I am doing an experimental design for a yeast fermentation experiment. I am asked to design a fermentation experiment using one or two of the following substrates: -Corn syrup solution (in water)...

I am doing an experimental design for a yeast fermentation experiment.

I am asked to design a fermentation experiment using one or two of the following substrates:

-Corn syrup solution (in water)

-(Kernel extract + Cob extract + stem extract) blended in boiling water and filtered to remove solids

-water

I also have the option of modifying the substrates by using amylase to break down starch in the solution.

Let's say I choose Corn syrup, the question is:

How are the substrate modified by the yeast cells so that they can be used for fermentation ?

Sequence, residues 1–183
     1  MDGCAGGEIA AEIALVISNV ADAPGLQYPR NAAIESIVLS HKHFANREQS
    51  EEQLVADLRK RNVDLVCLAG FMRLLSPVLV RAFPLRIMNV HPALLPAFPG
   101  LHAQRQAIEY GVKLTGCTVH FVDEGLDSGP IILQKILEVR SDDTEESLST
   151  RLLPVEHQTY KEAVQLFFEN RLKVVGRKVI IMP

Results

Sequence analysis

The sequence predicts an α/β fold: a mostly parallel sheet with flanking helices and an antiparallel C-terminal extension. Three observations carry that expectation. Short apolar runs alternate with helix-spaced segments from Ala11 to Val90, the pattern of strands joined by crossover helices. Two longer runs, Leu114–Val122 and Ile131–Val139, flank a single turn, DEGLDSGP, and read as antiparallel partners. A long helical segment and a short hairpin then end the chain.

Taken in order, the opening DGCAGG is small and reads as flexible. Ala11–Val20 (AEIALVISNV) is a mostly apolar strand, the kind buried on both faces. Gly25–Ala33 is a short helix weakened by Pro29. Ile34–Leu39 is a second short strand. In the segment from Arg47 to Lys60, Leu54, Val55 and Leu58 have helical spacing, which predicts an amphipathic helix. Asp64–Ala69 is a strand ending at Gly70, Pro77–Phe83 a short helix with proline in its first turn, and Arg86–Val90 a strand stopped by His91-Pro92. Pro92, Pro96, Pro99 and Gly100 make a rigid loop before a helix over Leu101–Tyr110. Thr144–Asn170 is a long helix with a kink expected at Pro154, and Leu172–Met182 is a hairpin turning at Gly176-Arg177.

Asked on by myounes

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ncchemist | eNotes Employee

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Fermentation is the process of yeast cells breaking down sugars into simpler organic compounds like ethanol, carbon dioxide, and water.  The yeast cells don't really do anything special to prepare the sugar molecules for fermentation, but in general, the simpler the sugar molecules are the faster and more efficiently the yeast cells will be able to break them down. 

It seems that you basically have a choice of using corn syrup or whole corn extract.  The corn syrup will be a simpler set of sugars that have already been broken down somewhat from corn starch.  The corn sugars are more complex starches.  Boiling the corn kernals and fibers will extract them into the water and help to break down the starches.  The corn syrup will probably ferment a bit easier as a result of this.  Adding amylase to either sugars will help break them down even further, thus making fermentation with the yeast even easier.  But the yeast itself does not really do any pre-modification work on the sugars.

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